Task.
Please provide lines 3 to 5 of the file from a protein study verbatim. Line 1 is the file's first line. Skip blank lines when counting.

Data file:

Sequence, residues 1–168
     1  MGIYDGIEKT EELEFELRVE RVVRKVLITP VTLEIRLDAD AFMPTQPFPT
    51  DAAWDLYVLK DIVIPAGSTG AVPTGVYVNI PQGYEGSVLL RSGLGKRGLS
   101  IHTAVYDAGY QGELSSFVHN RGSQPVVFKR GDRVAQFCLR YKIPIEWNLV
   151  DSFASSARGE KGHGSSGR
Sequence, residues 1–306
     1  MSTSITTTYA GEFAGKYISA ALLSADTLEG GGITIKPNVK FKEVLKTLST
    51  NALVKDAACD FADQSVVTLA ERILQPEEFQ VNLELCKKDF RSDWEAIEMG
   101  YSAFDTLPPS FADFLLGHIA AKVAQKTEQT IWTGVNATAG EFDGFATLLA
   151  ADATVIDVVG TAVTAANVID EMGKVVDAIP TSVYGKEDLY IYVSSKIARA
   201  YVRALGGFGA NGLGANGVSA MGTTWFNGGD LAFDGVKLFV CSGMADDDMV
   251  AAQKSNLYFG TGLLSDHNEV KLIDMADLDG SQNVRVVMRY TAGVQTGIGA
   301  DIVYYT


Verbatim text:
    51  DAAWDLYVLK DIVIPAGSTG AVPTGVYVNI PQGYEGSVLL RSGLGKRGLS
   101  IHTAVYDAGY QGELSSFVHN RGSQPVVFKR GDRVAQFCLR YKIPIEWNLV
   151  DSFASSARGE KGHGSSGR